Personal profile


Dave is a Professor within the Wellcome Centre for Cell Matrix Reserch in the Faculty of Biology, Medicine and Health. His undergraduate and postgraduate degrees, both in Biochemistry, were from the University of Lancaster. Since moving to Manchester in 1987, Dave has had a number of positions; first as a research associate (CF Trust and Wellcome Trust funded), then as a Senior Experimental Officer within the Wellcome Trust Centre for Cell Matrix Research before finally joining the academic staff in 2003. Within the former Faculty of Life Sciences Dave has been the deputy director of the Wellcome Trust 4 year PhD programme, the head of postgraduate research progression, the deputy associate dean for postgraduate research (recruitment), and most recently he was Tissue Systems Section Head.


Research interests

The role of mucins in the protection of mucosal surfaces
The overall aim of my research is to define the roles of polymeric mucins in mucosal biology. At present my main focus is to explore the roles of these glycoproteins in (i) respiratory disease, and (ii) protection against intestinal nematodes. The airways mucus gel performs a critical function in defending the respiratory tract against pathogenic and environmental challenges. However, overproduction of airways mucus with abnormal transport properties is an important pathologic feature of common respiratory disorders. In normal physiology, the polymeric mucins MUC5AC and MUC5B provide the organizing framework of the airways mucus gel and are major contributors to its transport properties. Entanglements, along with specific non-covalent interactions, of these polymers are key elements in mucus gel formation. Importantly, we have shown the relative amounts of MUC5AC and different glycosylated variants of MUC5B are altered in hypersecretory disease compared to normal airways mucus. However, at present there is no definitive link between changes in mucus transport properties and either mucin biochemistry or macromolecular structure. Currently we are investigating the role(s) of MUC5AC and MUC5B, and their equine orthologues, in human asthma and cystic fibrosis, and in equine recurrent airway obstruction.
In the other main focus of my research (in collaboration with Professor Richard Grencis, FBMH, University of Manchester), we are actively exploring the function of mucins and other goblet cell products, in intestinal nematode infection. For these studies we are using the nematode Trichuris muris (T. muris) in a mouse model of human Trichuriasis. Expulsion from the intestine of T. muris is dependent on TH2-associated cytokines. Our studies have highlighted that the mucus barrier is a significant component of the well-coordinated response initiated against the nematode, influenced by the TH2-type cytokines. Work is on going to define the functional role of the mucins in the expulsion of intestinal dwelling nematode parasites.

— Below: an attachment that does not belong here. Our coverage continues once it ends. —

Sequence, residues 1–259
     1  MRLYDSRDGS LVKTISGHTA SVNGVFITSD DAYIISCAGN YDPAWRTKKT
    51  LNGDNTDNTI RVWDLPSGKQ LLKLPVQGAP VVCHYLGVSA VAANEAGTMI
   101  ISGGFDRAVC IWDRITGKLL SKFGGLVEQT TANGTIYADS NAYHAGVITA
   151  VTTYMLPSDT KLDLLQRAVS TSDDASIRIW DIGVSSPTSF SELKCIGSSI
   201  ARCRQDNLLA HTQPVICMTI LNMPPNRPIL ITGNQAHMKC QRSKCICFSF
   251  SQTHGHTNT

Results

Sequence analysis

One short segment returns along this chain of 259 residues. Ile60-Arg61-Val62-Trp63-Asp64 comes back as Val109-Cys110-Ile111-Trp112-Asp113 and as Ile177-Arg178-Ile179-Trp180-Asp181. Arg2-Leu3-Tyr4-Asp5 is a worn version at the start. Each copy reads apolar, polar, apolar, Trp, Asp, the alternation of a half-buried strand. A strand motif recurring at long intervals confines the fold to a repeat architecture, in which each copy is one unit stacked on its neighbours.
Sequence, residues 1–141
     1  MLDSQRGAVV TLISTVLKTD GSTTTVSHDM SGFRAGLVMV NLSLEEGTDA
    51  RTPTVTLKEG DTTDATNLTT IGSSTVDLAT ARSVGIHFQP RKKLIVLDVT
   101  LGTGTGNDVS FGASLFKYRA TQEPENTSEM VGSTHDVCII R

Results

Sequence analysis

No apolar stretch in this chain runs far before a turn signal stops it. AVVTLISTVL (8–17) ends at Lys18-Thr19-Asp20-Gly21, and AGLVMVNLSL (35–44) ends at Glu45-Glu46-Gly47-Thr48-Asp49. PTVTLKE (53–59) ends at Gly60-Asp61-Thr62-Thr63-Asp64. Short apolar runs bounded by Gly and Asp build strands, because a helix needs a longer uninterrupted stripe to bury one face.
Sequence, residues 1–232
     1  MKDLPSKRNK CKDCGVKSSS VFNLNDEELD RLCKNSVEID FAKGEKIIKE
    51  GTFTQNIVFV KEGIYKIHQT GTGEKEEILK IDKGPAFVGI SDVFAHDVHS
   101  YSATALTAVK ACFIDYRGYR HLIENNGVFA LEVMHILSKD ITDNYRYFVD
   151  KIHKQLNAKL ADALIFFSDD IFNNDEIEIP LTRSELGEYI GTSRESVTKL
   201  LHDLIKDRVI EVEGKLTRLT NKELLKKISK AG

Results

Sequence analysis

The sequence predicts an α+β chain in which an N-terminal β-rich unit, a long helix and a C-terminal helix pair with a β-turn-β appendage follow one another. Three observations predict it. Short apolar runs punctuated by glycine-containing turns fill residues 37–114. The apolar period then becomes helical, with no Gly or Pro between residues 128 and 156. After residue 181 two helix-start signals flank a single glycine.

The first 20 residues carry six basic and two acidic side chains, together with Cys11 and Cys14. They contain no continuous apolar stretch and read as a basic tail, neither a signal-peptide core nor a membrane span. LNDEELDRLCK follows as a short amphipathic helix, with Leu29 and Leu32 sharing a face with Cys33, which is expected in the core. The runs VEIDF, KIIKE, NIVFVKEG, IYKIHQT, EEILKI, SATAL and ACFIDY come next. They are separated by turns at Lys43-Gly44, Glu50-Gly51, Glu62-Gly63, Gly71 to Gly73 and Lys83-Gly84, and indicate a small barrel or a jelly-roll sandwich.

Research in my laboratory is focused on understanding how the sticky, gel-like substance mucus protects the body. Research is focused on two major topics; • How does mucus protect our lungs? • How does mucus protect against gut-living parasitic worms? In the lungs, mucus is essential in keeping the airways free from obstruction. Mucus traps inhaled bugs and particles and then hair-like cells (cilia) move the mucus out of the lungs. In diseases like asthma, cystic fibrosis and chronic bronchitis too much mucus, which is stickier than normal, is produced and it is not efficiently removed from the lungs. This results in airflow obstruction, infection, damage to lung tissue and problems with breathing. We are trying to understand how mucins, the molecules that give mucus its gel-like appearance, contribute to the abnormal properties of mucus in disease. Infections by gut-living whipworms are a major public health problem, mainly in the developing world. For these studies we are using a mouse model of human whipworm infection. We discovered that the mucus barrier and its mucin components are an essential part of a well-coordinated response to protect against of gut-living worms. We are actively investigating the details of this important protective function.



Expertise related to UN Sustainable Development Goals

In 2015, UN member states agreed to 17 global Sustainable Development Goals (SDGs) to end poverty, protect the planet and ensure prosperity for all. This person’s work contributes towards the following SDG(s):

  • SDG 3 - Good Health and Well-being

Research Beacons, Institutes and Platforms

  • Lydia Becker Institute
  • Christabel Pankhurst Institute


  • Barrier tissues
  • Infection
  • Inflammation
  • Extracellular Matrix
  • mucosal immunology
  • Cystic Fibrosis


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Collaborations and top research areas from the last five years

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